treatment trends of our outcome variables. We analyze our treated states relative to their

synthetic controls in the post period to estimate the causal impact of legalizing marijuana

for recreational use on traffic fatalities.

We find that states that legalized marijuana have not experienced significantly different

rates of marijuana- or alcohol-related traffic fatalities relative to their synthetic controls. To

ensure our results are not driven by an idiosyncratic selection of control weights, we show

that we obtain similar results across reasonable variations in the pre-period specification used

to created the weights that generate the synthetic control counter-factual. In addition to

examining fatalities identified by states as drug- or alcohol-related, we also look for changes

in the overall fatality rate to avoid state-level differences in classification (as opposed to

state-level differences in testing) and find a similar null result.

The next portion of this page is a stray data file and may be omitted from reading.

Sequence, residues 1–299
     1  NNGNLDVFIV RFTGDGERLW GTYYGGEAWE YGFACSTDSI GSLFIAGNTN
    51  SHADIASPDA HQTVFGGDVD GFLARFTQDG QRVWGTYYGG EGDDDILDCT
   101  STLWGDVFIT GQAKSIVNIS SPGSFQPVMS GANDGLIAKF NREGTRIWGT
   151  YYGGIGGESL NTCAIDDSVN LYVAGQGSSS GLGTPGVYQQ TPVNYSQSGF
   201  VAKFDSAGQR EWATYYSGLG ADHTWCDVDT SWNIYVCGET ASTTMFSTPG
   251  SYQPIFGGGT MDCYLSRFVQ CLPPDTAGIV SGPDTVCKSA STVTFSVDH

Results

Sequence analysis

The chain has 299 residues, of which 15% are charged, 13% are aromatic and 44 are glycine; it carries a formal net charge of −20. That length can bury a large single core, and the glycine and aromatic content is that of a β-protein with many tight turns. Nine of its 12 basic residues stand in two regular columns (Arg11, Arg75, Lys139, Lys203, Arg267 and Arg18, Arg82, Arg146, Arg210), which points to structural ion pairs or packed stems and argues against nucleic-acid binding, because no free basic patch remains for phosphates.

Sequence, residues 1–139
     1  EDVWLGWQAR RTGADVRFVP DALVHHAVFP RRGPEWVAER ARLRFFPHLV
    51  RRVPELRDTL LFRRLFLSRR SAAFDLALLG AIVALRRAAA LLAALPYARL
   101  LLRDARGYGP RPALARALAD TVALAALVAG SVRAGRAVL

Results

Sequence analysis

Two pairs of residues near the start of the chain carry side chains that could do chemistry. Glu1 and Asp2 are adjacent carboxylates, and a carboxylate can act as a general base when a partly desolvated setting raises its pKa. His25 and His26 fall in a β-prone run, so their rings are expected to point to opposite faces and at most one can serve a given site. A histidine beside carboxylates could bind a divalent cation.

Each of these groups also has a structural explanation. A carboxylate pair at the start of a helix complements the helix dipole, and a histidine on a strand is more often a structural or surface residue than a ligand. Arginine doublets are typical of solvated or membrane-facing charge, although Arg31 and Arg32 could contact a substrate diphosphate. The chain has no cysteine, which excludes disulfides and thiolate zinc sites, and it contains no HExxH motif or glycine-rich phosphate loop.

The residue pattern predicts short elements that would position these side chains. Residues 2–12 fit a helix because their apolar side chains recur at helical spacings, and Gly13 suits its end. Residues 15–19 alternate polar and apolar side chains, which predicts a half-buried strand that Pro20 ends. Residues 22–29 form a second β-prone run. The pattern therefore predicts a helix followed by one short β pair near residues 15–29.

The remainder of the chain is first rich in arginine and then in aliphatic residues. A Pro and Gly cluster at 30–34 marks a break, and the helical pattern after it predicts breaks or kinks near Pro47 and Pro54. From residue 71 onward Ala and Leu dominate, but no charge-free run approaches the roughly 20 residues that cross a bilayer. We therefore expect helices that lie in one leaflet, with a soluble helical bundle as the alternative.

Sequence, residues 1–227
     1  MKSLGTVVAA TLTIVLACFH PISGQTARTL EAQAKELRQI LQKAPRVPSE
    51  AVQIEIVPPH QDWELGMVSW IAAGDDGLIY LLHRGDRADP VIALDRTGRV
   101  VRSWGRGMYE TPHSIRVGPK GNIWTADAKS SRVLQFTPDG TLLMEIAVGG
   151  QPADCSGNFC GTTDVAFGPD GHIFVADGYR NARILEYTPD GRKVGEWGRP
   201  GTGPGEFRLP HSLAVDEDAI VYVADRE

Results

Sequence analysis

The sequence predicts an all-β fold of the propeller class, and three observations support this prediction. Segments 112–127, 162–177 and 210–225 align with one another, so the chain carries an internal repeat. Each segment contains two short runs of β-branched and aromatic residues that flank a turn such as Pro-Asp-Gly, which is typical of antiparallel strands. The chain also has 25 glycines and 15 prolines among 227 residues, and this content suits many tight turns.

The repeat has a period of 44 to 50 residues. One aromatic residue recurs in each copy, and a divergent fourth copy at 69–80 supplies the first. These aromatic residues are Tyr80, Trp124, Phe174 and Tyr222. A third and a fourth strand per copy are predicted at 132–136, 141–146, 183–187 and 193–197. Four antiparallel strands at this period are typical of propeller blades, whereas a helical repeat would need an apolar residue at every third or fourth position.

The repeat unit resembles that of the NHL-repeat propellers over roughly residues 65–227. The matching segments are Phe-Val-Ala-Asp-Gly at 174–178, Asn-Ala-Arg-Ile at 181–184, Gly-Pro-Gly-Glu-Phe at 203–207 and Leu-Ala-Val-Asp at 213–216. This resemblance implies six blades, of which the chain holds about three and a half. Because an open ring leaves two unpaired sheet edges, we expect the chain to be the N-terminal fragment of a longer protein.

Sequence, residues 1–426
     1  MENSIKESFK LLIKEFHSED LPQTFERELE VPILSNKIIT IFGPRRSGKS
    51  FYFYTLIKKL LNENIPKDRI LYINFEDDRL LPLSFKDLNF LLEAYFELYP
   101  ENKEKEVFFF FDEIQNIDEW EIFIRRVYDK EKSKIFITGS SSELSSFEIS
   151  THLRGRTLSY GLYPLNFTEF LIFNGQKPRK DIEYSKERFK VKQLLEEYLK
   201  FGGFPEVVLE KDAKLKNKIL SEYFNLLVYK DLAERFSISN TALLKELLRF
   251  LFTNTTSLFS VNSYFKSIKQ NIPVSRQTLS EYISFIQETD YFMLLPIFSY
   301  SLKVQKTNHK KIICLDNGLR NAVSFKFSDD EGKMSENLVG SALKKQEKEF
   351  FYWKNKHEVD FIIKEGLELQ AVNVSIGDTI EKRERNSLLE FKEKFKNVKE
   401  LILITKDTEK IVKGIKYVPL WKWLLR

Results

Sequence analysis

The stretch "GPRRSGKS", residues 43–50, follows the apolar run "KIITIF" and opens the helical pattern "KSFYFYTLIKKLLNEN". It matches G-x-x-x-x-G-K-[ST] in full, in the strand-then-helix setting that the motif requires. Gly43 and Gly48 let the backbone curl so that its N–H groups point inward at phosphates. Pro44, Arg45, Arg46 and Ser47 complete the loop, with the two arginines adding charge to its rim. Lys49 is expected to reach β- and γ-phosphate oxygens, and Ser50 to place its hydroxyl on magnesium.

We proceed in Section 2 with a brief summary of the history of marijuana policy in the

United States and the existing research on the risks of impaired driving. In Section 3, we

discuss the Fatal Analysis and Reporting System data and our synthetic control approach.

We present our results in Section 4. We conclude in Section 5 with a discussion of the policy

implications of our findings.

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2 Background

2.1 The legal status of marijuana

Marijuana was legal in the United States until the passage of the Marijuana Taxation Act

of 1938 – though many states had banned the substance earlier (Sanna, 2014, p. 88). The

Controlled Substances Act of 1970 significantly strengthened the prohibition of marijuana:

the substance was classified as a Schedule I drug with a ‘high potential for abuse and little